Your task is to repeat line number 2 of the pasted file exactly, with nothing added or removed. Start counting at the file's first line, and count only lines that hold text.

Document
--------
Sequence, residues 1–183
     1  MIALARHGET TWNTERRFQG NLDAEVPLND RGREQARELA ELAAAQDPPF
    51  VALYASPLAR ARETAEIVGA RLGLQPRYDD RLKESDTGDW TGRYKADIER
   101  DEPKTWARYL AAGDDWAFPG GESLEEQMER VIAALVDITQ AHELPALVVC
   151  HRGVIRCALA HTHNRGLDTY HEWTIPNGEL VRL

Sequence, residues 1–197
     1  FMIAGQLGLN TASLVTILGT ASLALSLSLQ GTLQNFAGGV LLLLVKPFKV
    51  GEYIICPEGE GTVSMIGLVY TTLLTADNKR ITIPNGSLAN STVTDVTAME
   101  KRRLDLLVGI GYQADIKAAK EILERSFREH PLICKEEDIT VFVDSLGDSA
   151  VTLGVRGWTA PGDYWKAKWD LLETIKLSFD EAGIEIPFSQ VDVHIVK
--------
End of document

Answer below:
     1  MIALARHGET TWNTERRFQG NLDAEVPLND RGREQARELA ELAAAQDPPF